Lawmakers say they've received complaints that waits have spiked, with people being forced to wait in line for more than an hour — and sometimes three hours — to handle routine tasks.
The campaign announced that Rep. Stuart Bishop of District 43 and Nancy Landry, District 31, have thrown their support behind the Naval Academy graduate and entrepreneur in his bid to unseat current Hunter Beasley in District 8.
A Lafayette man with an alleged taste for child porn was busted Thursday evening during a cyber crime sting launched by the Attorney General’s Office.
U.S. Rep. Vance McAllister says his chief of staff is on temporary leave after being booked with drunken driving.
It was a rare moment in Congress this week as Republicans briefly put aside partisanship in support of President Barack Obama's request to train and arm Syrian rebels, and while a number of Democrats opposed the measure, Louisiana's Democratic Sen. Mary Landrieu found herself on the same side of the issue as her Republican challenger Rep. Bill Cassidy.
Home Depot breach bigger than Target; Alibaba IPO could be big; Rivers' last project and more national and international news for Friday, September 19, 2014.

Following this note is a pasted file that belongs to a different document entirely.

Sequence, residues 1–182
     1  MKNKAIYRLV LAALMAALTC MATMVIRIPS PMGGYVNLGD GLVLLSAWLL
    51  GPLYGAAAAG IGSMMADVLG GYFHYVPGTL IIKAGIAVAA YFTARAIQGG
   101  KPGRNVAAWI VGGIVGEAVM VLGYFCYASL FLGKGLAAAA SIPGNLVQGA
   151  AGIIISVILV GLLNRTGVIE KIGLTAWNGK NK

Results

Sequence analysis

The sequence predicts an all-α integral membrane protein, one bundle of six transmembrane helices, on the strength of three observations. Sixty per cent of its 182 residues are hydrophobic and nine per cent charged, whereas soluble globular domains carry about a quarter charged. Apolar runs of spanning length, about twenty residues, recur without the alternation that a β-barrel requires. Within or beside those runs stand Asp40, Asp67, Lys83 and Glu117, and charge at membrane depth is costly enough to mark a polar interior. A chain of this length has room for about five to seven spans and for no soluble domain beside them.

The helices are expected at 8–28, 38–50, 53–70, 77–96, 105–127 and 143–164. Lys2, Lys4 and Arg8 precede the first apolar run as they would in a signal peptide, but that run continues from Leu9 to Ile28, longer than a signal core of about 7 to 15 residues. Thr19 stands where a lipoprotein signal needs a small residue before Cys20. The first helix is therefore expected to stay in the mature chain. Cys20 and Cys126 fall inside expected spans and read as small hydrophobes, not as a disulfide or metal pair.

Friday's Blogs from the Bog!
City-Parish President Joey Durel is asking the council to sign off on a resolution approving a pair of deals that would lead to razing the seedy Lesspay Motel at Four Corners to build a new police substation as well as transforming nearly a block Downtown where the old federal courthouse building now molders into a mixed-use development.
In 2013, the IRS — already the least popular governmental agency in the country — became the target of intense investigations after it was revealed that they had specifically and improperly scrutinized applications for tax-exempt status from organizations associated with the nascent Tea Party movement.
Improving the running game was "a point of emphasis" during the offseason and the results have manifested themselves in the form of substantially greater production.
Louisiana's health department said Wednesday that its evaluation of the state's Medicaid privatization was on target, despite criticism from the legislative auditor that it lacked key data and contained inconsistencies.
The feds converge on your office, seizing records on several employees as part of a pay-for-plea investigation. WWYD? If you’re Mike Harson, you give yourself a $12k raise.